Nevada was a vast, almost uninhabited desert with small scattered towns built by miners in the era of the great Western adventure.
The eastern part of the state especially, including the Las Vegas area, was a desolate desert with very little water and vegetation.
There were, however, some water sources, the most prominent of which was Lake Mead.
Because of its unique status, the Nevada State government built a trail park in the area, including 110 miles of Lake Mead and 67 miles of Lake Mohave.
Li Du had some interest in this wetland, which was based upon a rare sand-water terrain. That is to say, the wetland was next to the desert, and there was no gradual transition between them. The great lake and the desert were near neighbors.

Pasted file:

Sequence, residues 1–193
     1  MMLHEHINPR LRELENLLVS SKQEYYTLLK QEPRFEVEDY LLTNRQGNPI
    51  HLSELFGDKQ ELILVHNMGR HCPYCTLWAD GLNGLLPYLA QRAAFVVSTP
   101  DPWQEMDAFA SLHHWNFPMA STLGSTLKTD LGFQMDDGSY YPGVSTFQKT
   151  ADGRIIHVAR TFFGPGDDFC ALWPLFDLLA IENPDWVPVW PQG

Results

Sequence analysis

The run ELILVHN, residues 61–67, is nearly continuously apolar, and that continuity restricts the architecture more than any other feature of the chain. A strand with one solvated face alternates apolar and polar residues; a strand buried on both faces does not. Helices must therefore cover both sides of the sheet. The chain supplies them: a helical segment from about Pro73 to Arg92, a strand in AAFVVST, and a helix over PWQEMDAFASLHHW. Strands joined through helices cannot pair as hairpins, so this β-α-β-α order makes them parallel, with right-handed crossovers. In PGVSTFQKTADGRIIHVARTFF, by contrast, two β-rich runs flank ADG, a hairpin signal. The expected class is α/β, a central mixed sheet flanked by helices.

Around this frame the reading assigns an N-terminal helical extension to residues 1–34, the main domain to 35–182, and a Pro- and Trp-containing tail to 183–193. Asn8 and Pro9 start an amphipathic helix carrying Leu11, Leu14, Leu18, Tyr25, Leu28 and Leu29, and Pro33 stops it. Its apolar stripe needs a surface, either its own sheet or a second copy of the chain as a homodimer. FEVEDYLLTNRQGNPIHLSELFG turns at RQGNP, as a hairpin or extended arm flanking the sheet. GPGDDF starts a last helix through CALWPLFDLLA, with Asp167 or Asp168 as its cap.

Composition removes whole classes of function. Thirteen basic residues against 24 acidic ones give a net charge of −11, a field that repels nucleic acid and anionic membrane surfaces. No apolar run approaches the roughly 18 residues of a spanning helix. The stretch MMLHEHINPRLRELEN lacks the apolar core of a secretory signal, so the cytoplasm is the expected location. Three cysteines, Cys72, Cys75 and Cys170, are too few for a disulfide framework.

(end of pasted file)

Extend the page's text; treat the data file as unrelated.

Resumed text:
Driving on the 93 highway, they soon saw a large building outside the city. This was the Allen-Barber visitor center, which provided the trail park with entertainment and information.
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